Centrepiece of Cranbrook culture

Cranbrook Community Theatre celebrates 40 years as stewards of the venerable Studio Stage Door

Clockwise from top right: Melodie Hull performs a monologue from the play “Talking With …”

Clockwise from top right: Melodie Hull performs a monologue from the play “Talking With …”

A key part of Cranbrook’s cultural identity marked its 40th anniversary at a special ceremony last week.

Guests and members of Cranbrook Community Theatre gathered Thursday, Sept. 11, at the Studio Stage Door, the building the group saved 40 years ago, and which they have been stewards of ever since.

Kevin Higgins gave some introductory comments. He told how 40 years ago, a group that included Bud Abbott, Cornel Sawchuk and Phil Foster convinced the City to not bulldoze the old Masonic Lodge. Cranbrook Community Theatre (CCT) thus becoming stewards of the building, and have been serving in that role for 40 years.

“Looking after a building hasn’t been all sunshine and roses,” Higgins said. “But 40 years after the initial agreement, the partners are still working together. We’re here to celebrate a great working relationship between local government and volunteering citizens as it continues to work.”

Melodie Hull serving as MC, and Lorraine Harvey, longtime CCT board member and stage manager, reflected “this huge part of Cranbrook’s cultural heritage and history, from 1974 to 2014.”

Bud Abbott gave a thumbnail history of the last 40 years, starting from CCT’s activities in the 1960s.

“Our group was quite active, even competitive, rehearsing at home, performing wherever possible, usually in auditoriums,” Abbott said. “Costumes and props were stored whenever possible. But it was always a problem — where to perform and where to store our stuff.

“Then, in the early 1970s, the Masons put their building on 11th Avenue South on the market. Ralph Trozzo, owner of the Mount Baker, wanted to buy the building and tear it down to enhance parking.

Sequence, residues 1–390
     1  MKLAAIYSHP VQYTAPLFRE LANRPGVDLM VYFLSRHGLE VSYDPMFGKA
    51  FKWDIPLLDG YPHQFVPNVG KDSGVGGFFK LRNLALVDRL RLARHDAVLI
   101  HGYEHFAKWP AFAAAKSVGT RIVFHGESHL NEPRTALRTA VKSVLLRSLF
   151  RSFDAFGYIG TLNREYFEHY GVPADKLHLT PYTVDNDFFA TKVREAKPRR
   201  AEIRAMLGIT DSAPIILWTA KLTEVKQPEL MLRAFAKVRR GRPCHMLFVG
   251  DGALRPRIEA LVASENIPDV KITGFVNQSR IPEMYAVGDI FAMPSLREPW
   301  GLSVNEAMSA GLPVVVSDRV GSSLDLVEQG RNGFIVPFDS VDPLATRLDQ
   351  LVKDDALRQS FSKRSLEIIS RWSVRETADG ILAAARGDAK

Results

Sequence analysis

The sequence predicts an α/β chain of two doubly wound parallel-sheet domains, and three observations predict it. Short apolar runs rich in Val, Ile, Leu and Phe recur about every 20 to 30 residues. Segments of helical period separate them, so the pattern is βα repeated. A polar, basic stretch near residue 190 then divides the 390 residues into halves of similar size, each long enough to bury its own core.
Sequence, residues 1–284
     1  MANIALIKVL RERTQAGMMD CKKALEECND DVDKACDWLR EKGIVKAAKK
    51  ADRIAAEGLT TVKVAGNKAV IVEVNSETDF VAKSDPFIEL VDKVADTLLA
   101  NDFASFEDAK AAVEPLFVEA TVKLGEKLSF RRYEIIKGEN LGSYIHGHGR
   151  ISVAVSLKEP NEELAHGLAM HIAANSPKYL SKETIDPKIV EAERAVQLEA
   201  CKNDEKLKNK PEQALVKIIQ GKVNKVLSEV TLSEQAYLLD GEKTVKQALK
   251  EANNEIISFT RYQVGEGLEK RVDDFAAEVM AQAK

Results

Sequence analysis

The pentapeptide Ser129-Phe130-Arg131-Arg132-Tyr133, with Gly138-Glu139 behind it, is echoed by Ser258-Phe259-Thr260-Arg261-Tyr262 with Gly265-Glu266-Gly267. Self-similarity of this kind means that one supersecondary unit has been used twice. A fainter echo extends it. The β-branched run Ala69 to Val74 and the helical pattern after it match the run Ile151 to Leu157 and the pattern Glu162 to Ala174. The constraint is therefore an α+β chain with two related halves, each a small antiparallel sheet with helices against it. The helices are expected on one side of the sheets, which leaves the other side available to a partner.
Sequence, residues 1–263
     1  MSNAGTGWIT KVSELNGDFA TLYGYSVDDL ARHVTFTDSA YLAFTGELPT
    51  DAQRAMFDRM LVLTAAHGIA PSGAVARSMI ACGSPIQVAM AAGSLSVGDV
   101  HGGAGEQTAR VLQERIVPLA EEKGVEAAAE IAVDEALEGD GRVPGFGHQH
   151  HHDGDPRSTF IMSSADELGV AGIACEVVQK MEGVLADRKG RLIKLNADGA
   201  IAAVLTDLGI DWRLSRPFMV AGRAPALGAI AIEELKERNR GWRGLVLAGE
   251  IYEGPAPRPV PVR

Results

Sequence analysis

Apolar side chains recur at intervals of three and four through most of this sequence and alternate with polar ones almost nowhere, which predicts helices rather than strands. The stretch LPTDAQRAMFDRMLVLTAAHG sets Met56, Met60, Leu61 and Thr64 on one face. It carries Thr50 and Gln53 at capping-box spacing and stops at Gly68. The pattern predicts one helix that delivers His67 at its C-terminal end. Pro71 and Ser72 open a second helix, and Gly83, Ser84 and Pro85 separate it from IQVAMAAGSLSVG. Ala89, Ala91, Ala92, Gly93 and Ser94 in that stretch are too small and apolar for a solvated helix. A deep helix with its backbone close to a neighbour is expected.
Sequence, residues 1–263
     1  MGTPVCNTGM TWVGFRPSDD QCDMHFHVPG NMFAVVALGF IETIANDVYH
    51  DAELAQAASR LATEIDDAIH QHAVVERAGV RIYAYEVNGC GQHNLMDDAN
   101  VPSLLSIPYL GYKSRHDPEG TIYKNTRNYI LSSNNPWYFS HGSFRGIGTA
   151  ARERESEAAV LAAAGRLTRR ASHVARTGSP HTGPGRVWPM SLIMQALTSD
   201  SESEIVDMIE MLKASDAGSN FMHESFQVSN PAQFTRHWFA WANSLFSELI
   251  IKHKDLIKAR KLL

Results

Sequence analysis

“We approached Ralph Trozzo,” Abbott said, “who agreed to let us have the building for nothing provided we remove it from the premises.”

The group then approached the City of Cranbrook, who agreed to buy it on the group’s behalf, giving them a five-year lease for a dollar a year, “which we managed to raise,” Abbott said.

The group had no idea what they were taking on, he said. To both present plays and to take care of the building — “and the conflict between the two functions would trouble us for many years to come.”

Then began the long history of theatrical renovations, which Abbott recounted. A stage was initially built, then risers in 1977 (masterminded by Garry Anderson), the original seats (since replaced) came from an old movie theatre in Fernie. Many solutions were attempted at solving the problem of getting actors to the stage without involving the audience, including the use of a drawbridge at one point, and a “dicy” circular staircase from the green room on the ground floor. Finally, the present day tunnel was built, allowing actors to reach the stage without going through the audience.

“Over the years, we’ve spent an enormous amount on money renovating this building,” Abbott said. “Someone estimated $500,000, which is more than the City paid for it. I’m sure Mayor and Council appreciate having such a helpful lessee.”

Terry Miller took the stage to thank all the people who’ve worked behind the scenes and the those who’ve served as building managers. These include Harriet Pollock, Steve Lungal, Elvin Townsend, Kossene Foster and Rick and Marianne Smith. “We’ve been fortunate to have really good people here who really care about this building, and they’ve all left their mark.”

Miller read out greetings sent by Brad Price, who built the tunnel to the stage, and Phil and Maggie Foster, who were part of the group who helped save the building.

Mayor Wayne Stetski also spoke, citing a list of top cultural phenomena and events of 1974, and mentioning how many of those had faded into the pages of history. “Yet this relationship (between CCT and the City of Cranbrook) has endured,” he said.

CCT actors then performed tableaux of various plays from CCT’s oeuvre: Tracy McGuire did a monologue from “Enchanted April,” Terry Miller and Peter Schalk performed at scene from “Run For Your Wife,” Melodie Hull did a monologue from “Talking With …” and Bud Abbott performed a piece made famous byStanley Holloway — “The Lion and Albert (otherwise known as Albert and the Lion).”

The Little Jazz Orchestra then performed a jazz set. Following that, they performed underscore music while a slide show played of posters and photographs of all the plays Cranbrook Community Theatre has presented over the past 40 years — more than 80 of them, beginning with CCT’s first production at the Studio Stage Door, the complex musical “Canterbury Tales,” directed by David Stock.

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